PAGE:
Panthera leo, King of the Beasts, right? Well yes, as Africa’s largest mammalian predator, the ‘Lion King’ title is very apt. Yet most times we see them they are looking anything but fierce, earning their other somewhat unofficial title as the laziest of Africa’s animals. They spend up to 18 hours out of a typical 24-hour period resting, and that’s only on average. If they do a double shift on one day it means that on another day they may not do much at all – following the shade of a bush as the sun arcs through the sky may be the sum total of a day’s activity. Sometimes they don’t even stand up to relieve themselves! But when they are seen in action it can be one of the most awe-inspiring safari experiences you’ll ever have. A 220 kilogram male lion on the run with intent to do grievous bodily harm foremost on his mind is a blood-chilling sight indeed…
On the 3rd September 2014 Lawson’s guide Leon Marais and his clients – a family of three – were on a morning drive out of Lower Sabie Rest Camp. This camp is situated on the southern bank of the Sabie River and offers some wonderful scenery and ambiance, not to mention what is arguably the best game viewing in the entire park. They had encountered a clan of Hyena’s near the camp gate as they exited at 06h00, and then checked out the scene at Sunset Dam before heading down to the causeway bridge over the river. With the early morning sun shining from the east, the scene looking westwards towards the camp upriver was sublime – Hippo’s breaking the surface of the water here and there, bird species of many different types just beginning their day, a thin layer of cloud breaking up as the sun warmed the earth… All quiet and peaceful when suddenly a male lion ran across the road in front of them and disappeared into the bush on their left.
Forgetting the tranquil scene they raced ahead and found another three lions lying in the road. These three then got up and followed the first male into the bush, and it was assumed that they were all part of a four male coalition, with the older lion leading the pack. Once they had all disappeared Leon rolled down to the water’s edge to wait and see if they would perhaps come down to drink or something. Sure enough, two minutes later the bigger male appeared, going at quite a pace. He came out onto the road and ran past their vehicle and all the way across the bridge to the other (southern) side, roaring as he went. He was followed by the three younger males, but they stopped on the northern end of the bridge, reluctant to follow the first (at this stage we still though that they were all from the same coalition). The first male then stopped on the southern bank, and continued roaring at full volume, definitely one of the most awesome sounds of the African bush. Suddenly a 5th male appeared on their side, coming out of the bush on the west 20 meters or so from the trio of young males. The sudden change in body language of all four lions indicated that he was not welcome there, and the three set off in pursuit. At this point they made our way to the southern bank to have a look at the first male lion, and he now came back across the bridge, roaring at full tilt as he walked past. When he got to the northern end, he suddenly turned tail and came running back across to the southern end, his body language indicating that he was fleeing from the three younger males, and at this point the penny dropped – they were witnessing a clash between three younger males and two older males, with the latter now in disarray as one was on the southern bank and the other was being chased away from the bridge on the northern bank. The three lions then came back towards the road, and took a rest on top of an embankment next to the road, all visibly quite pleased with themselves for having seen the other males off. Suddenly they stiffened up and shot off back into the bush, presumably to chase off the other male lion once again, who was probably desperate to get across to the southern side to join his team mate. After a while they had still not reappeared, and the first male lion on the southern bank had disappeared towards the camp, and at this point Leon decided to go and try his luck elsewhere. They headed north into the plains with the hope of finding a Cheetah, and when your luck is running it really runs, for they came across a lone hunter an hour or so later as the ‘icing on top of the icing’, as Gordon put it, before returning to camp for breakfast (and the coffee machine was working today, so they were able to have a few cups of the desperately needed stuff, so the morning was very good indeed!). Just another day on safari…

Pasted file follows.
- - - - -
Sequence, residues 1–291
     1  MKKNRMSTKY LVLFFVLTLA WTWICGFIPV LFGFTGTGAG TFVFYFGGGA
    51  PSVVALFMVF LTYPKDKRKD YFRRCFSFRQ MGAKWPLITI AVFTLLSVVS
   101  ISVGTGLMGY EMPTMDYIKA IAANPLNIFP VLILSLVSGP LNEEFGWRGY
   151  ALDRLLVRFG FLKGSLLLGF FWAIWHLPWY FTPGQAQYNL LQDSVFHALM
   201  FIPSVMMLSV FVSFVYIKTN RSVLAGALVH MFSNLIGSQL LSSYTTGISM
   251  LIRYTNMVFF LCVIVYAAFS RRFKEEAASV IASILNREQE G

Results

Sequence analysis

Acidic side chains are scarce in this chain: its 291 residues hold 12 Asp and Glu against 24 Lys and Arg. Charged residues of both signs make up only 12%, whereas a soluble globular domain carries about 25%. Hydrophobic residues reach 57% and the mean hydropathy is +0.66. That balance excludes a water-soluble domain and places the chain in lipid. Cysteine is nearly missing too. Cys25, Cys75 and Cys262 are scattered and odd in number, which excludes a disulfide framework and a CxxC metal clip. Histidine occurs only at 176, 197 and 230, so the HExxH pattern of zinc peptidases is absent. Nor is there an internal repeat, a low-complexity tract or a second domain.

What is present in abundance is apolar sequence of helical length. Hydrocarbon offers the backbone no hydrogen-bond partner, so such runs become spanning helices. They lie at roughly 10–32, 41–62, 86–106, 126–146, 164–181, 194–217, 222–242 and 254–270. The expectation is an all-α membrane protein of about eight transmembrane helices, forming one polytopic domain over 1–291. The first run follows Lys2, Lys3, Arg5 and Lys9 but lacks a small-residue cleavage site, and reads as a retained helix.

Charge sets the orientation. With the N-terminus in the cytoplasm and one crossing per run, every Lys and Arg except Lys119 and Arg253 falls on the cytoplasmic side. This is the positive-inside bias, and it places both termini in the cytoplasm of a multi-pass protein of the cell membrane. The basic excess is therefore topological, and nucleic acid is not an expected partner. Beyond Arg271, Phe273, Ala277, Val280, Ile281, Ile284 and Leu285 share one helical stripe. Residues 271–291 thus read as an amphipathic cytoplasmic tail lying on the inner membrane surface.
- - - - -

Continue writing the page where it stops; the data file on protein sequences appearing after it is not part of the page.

Photo Tip: Servo / Continuous Mode Auto Focus.
When you have an animal running towards you, such as in the case of photos 3 and 4, switch your focus mode to AI Servo in Canon or Continuous in Nikon. This allows you to keep the face of the animal in focus as it closes the distance, without having to regain focus with every centimeter of movement. You just keep the shutter button half way down and the camera keeps it in focus the whole time. I don’t like this more for composing portraits etc, but when an animal is on the move, this is the way to go.
The three younger lions.
Males A and B of the trio, looking pleased with themselves.
The first male comes raring back across to the northern side of the bridge.
He soon turns tail and runs back to the southern side.
The three have now claimed the northern end of the bridge.
The other male appears again and is chased for a second time.